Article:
Friday, May 9, 2014

Extending with Science! ... or files

Hey, say you've got like 40,000 files on your hands.  AND you've got a public, Enterprise SharePoint 2010 portal.  AND you've got a mandate to publish each one of those files to the world.  AND you just got kicked off your previous web host.  Watcha gonna do?

Well my friend, use SCIENCE!

OK, not really.  BUT, SharePoint is a Microsoft.NET application, hosted in Internet Information Services, so we can just add a virtual directory to the SharePoint web application and serve away.  Yes, but...

I tried doing just the above once, but didn't discover the secret sauce until just yesterday.  Here's the breakdown:

  • The 40,000 files are served anonymously (this is actually a good thing)
  • Directory access performance isn't really an issue, there aren't a million hits a month let alone a minute.
  • There's already a structured navigational approach to finding the files so there's no need to browse them or build a new catalog.
What do you need to do to spin up a virtual directory inside the SharePoint web app?  Well here's what I did and it's working find, thank you very much.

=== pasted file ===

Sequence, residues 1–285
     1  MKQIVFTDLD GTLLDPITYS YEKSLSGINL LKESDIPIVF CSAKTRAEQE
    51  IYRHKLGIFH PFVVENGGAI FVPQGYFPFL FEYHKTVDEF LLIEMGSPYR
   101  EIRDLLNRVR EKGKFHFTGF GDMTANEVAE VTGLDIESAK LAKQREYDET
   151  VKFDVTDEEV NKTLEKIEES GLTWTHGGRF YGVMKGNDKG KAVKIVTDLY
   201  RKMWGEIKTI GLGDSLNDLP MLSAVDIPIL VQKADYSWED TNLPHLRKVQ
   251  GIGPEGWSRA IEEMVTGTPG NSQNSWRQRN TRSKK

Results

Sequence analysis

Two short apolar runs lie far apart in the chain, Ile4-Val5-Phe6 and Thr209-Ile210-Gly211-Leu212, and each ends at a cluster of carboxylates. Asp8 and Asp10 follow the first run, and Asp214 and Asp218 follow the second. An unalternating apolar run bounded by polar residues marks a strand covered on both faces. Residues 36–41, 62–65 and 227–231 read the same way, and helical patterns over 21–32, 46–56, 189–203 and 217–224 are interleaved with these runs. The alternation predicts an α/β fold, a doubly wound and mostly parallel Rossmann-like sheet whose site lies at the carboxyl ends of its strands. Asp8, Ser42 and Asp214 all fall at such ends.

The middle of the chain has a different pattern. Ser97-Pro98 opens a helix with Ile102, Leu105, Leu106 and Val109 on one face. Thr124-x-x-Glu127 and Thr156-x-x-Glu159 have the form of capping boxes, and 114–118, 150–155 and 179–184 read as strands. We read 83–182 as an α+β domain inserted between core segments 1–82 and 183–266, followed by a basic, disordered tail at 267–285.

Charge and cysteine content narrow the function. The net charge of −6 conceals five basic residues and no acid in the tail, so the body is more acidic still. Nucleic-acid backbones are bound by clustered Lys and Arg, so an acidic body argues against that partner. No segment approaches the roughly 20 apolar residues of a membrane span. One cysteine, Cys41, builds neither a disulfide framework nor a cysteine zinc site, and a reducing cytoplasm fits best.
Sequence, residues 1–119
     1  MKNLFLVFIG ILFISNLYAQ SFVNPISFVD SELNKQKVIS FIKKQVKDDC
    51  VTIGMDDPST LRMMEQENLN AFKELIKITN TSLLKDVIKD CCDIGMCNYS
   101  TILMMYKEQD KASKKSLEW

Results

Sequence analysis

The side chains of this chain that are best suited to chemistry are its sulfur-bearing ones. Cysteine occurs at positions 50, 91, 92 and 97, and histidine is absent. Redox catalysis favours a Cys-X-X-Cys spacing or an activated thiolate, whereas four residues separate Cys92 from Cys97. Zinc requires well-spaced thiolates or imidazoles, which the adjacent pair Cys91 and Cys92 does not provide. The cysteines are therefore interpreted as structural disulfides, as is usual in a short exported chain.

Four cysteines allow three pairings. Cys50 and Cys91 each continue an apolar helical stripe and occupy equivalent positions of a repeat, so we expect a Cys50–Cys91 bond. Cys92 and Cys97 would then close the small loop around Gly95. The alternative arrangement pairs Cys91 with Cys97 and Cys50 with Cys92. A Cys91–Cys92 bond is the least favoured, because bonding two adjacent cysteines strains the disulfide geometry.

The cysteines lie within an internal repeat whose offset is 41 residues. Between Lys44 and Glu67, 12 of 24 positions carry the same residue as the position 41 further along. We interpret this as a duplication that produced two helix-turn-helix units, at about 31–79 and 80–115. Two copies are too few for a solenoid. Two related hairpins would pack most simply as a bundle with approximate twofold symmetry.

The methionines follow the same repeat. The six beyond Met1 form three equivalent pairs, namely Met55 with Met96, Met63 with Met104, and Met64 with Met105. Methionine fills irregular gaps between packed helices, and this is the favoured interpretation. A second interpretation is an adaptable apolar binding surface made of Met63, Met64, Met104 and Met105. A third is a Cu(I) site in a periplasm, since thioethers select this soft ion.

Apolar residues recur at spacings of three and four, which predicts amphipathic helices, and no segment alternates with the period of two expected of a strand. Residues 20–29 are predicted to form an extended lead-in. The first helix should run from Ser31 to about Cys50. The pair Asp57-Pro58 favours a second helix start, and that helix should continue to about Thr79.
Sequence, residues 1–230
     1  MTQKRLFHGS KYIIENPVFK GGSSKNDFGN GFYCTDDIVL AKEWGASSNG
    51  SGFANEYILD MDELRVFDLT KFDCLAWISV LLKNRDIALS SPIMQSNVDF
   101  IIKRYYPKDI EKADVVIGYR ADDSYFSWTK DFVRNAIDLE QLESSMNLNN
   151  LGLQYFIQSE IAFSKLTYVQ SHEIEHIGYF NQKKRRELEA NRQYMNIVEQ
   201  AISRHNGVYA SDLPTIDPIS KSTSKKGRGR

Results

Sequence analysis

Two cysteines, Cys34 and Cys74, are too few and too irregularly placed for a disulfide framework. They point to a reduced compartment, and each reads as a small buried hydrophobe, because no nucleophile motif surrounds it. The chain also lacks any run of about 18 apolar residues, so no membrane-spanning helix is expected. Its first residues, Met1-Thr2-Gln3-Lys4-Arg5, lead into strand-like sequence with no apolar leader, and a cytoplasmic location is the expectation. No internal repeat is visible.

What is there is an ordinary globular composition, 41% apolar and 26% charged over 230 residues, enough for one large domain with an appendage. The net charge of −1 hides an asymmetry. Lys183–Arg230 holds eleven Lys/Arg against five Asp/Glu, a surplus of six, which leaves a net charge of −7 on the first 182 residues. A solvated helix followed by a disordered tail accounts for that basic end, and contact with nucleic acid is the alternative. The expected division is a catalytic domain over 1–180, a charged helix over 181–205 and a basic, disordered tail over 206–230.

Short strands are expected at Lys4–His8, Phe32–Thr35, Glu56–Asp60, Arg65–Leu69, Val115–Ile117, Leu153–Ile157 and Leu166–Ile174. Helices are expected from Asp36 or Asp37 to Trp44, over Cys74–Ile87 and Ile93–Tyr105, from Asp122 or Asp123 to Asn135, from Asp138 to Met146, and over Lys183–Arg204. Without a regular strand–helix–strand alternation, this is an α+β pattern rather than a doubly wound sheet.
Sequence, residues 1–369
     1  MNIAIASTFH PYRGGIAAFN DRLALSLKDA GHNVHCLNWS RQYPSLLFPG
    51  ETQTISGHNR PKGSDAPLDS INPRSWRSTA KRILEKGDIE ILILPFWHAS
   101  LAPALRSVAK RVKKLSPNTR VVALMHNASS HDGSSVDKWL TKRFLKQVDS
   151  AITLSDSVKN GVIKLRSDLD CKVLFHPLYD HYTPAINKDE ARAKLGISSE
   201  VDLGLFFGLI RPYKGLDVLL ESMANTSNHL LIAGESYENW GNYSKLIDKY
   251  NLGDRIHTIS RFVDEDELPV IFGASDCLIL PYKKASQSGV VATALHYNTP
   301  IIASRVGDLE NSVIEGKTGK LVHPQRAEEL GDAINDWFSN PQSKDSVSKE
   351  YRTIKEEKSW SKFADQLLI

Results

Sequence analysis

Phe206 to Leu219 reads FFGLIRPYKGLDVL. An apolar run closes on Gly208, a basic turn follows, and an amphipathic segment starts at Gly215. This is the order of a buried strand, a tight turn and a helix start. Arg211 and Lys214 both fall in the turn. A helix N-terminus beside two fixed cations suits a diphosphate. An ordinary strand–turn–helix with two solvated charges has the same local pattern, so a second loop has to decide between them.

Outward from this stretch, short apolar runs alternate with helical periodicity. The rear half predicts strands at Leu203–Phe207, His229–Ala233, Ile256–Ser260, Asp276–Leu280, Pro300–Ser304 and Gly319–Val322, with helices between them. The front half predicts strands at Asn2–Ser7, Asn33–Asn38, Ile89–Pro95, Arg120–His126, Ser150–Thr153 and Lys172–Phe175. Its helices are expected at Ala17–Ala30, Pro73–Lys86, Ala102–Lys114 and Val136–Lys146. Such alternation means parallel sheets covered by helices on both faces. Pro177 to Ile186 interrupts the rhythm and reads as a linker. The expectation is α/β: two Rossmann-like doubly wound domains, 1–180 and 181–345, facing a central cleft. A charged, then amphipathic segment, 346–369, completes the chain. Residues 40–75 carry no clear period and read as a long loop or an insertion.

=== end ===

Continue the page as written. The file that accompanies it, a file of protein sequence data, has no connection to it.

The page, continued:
1. Establish a virtual directory in your SharePoint web app.  If you've got multiple AAMs and/or multiple WFE's you'll have to repeat the following process for each.
  2. Once you've built the VDIR, double click it's Authentication option.   We only needed anonymous so I turned off everything else (More Later).
That's it.  You're up and running.  But wait you say, I tried that and it didn't work. Well it didn't work for me the second time either.  My first test I had access to the directory that was being access and was using an IE client on the same host as the server.  That three-headed-dog be sent home to Hades!
The change?  This time around, instead of using pass-through security on the VDIR, I used the connect as option and connect using an account that has access to the files.  That solved the Anonymous access problem I was having.  Another solution would be to grant the "Everyone" user access to the files.  But that's a problem in and of itself, plus if you're using a remote VDIR it probably won't work unless you make the file share wide open.

The other change?  Well you need to make sure you establish a web.config file in the directory  you're serving.  Just inheriting from the base file in SharePoint's home dir won't work.  Until I established a custom web.config, SharePoint tried to intercede and bump the URL up against the content database.  Not-found is the same as access denied in that world.  So in summary:

  • Use a delegation account to access the VDIR
  • Establish a web.config that explicitly sets the Anonymous access properties
 Well we just turned SharePoint into a regular IIS web application, and my client is happy.

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